Opportunity Cost and the Cost of Opportunities

Efficiency and strategy are best addressed through opportunity cost. If you want to fund a project that has low ROI, what other project has to be displaced? The value of this foregone opportunity is the implicit cost of your strategic choice, and it has a clear dollar value.

For example, let’s say you want to fund a project that returns $1M. Suppose that on the CFO chart’s naïve funding list, this project shouldn’t be funded. So choosing to pursue it will displace something. Let’s say the displaced project would have returned $10M. This means the opportunity cost of the strategic choice is $9M. The real question is whether your “strategy” is worth an investment of $9M.

This completely reframes the question and helps executives power through difficult choices. The proposed “strategic” project either is or is not worth its opportunity cost. If it is, choose the project with the confidence that you are being a good steward of your resources. If it is not, walk away, no matter how much attachment you feel to the project.

The portfolio that results from modifying the naïve portfolio with these effectiveness and strategic questions will be the portfolio that delivers results (effectiveness and strategy) with the greatest return (efficiency) at a given level of investment. You will be surprised: most companies find they can accomplish the same results at 30% greater returns, sometimes two to three times the return (or alternatively at substantially less investment). Efficiency matters, even if it is not the first consideration.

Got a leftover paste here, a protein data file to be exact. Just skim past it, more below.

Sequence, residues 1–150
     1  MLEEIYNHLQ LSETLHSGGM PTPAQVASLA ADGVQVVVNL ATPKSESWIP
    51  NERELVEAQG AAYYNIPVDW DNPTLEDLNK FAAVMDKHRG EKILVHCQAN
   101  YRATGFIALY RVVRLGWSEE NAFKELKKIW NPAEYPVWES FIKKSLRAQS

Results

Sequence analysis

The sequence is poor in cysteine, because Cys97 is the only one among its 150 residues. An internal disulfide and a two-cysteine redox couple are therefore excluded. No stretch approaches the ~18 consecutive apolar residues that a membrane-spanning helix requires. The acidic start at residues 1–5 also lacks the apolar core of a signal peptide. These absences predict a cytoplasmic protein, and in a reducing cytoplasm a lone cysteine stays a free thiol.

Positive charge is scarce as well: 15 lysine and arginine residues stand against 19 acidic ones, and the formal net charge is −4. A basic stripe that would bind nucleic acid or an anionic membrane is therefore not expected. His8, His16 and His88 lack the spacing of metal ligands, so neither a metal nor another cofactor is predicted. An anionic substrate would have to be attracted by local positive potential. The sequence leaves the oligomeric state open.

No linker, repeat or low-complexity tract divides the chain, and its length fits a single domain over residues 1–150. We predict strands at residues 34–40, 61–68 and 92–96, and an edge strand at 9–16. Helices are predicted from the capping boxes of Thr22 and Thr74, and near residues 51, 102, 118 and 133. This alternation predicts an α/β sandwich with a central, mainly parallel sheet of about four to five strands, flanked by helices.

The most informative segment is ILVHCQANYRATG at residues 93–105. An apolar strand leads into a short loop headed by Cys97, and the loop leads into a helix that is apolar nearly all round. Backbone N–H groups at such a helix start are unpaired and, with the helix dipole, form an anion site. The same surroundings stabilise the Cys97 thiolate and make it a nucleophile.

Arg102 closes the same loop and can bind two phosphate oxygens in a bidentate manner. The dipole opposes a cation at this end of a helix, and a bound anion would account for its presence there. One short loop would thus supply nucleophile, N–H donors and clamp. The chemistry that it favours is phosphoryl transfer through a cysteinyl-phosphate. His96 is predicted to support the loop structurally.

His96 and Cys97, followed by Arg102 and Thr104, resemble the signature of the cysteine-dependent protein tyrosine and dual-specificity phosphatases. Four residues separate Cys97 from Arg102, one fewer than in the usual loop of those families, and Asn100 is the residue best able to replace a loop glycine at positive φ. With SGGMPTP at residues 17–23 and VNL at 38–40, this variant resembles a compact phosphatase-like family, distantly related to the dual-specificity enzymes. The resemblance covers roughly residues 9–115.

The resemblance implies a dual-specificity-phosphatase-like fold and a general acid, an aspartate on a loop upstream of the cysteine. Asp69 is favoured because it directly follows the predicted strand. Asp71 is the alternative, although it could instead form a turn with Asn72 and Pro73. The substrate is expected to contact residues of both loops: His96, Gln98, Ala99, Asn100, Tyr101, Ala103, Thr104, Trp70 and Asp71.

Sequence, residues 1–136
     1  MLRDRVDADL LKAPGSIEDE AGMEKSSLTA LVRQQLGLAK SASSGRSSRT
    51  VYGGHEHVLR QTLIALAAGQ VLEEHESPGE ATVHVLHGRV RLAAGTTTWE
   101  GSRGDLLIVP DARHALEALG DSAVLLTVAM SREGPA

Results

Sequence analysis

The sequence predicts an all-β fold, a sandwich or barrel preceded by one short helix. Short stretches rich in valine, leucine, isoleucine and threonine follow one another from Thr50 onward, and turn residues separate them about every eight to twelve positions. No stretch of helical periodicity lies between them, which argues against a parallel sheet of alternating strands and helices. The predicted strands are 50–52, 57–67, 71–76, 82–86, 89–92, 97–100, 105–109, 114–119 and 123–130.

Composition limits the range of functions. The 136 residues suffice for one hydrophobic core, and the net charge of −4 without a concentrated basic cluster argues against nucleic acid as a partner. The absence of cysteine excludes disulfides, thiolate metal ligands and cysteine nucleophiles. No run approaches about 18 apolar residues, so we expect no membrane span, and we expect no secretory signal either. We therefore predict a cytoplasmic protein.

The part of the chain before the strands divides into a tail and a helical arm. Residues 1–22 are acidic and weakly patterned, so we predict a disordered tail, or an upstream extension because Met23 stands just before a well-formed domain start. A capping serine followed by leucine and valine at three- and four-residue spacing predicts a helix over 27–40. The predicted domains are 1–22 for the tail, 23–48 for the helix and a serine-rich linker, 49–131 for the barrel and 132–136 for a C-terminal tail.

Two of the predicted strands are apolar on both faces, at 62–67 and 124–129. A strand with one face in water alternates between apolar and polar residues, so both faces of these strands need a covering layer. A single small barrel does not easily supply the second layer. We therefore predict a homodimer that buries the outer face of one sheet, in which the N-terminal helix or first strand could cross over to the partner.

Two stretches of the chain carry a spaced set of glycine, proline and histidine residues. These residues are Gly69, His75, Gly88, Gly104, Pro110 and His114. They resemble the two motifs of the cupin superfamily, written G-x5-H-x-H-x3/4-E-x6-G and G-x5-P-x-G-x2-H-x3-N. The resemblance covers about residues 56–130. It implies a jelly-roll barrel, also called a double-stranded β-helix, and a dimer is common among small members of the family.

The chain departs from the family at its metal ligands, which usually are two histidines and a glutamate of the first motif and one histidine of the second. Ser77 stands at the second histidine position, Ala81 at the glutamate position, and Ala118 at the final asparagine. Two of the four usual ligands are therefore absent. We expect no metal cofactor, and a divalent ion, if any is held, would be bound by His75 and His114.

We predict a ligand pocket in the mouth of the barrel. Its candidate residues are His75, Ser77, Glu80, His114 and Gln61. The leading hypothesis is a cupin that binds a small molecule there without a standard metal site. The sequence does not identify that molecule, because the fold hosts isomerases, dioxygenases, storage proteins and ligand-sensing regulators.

Once you have this kind of clarity, you may be in for another pleasant surprise. There are always projects “on the margin”, in that you cannot quite fund them at a given level of investment. Or perhaps you are constrained by a non-financial resource, like marketing or technical headcount, and just a bit more would let you fund an additional high-return project.

The same “opportunity cost” thinking will give you tremendous insight into what the right investment level should be. Portfolios decisions are all made given a level of investment (dollars or other constrained resources). The value and return of the project you cannot quite fund tells you whether you should increase budgets or otherwise invest to change the constraints. Once you have real clarity into the return on investment, you see value of changing the constraints.

In innovation portfolios for example, opportunity cost thinking often shows executives where they’re missing some of the best investment opportunities available to the company. Change the budget. Cut back projects with lesser returns. Hire or contract to relieve critical resource constraints. Executives have crucial decisions to make about the portfolio beyond yes/no or prioritizing projects. The efficiency question can bring these other types of choices productively into play. Demonstrating that you are a good steward of resources by using tools like the CFO chart and tackling efficiency head on with objectivity and rigor can convert scarcity into abundance.

Four critical questions for decision making in strategic portfolio management

Sufficiency: Do we have enough to achieve our goals?
Significance: Are we focusing on things that matter?
Renewal: Can we thrive in the future?
Efficiency: Are we being good stewards of our resources?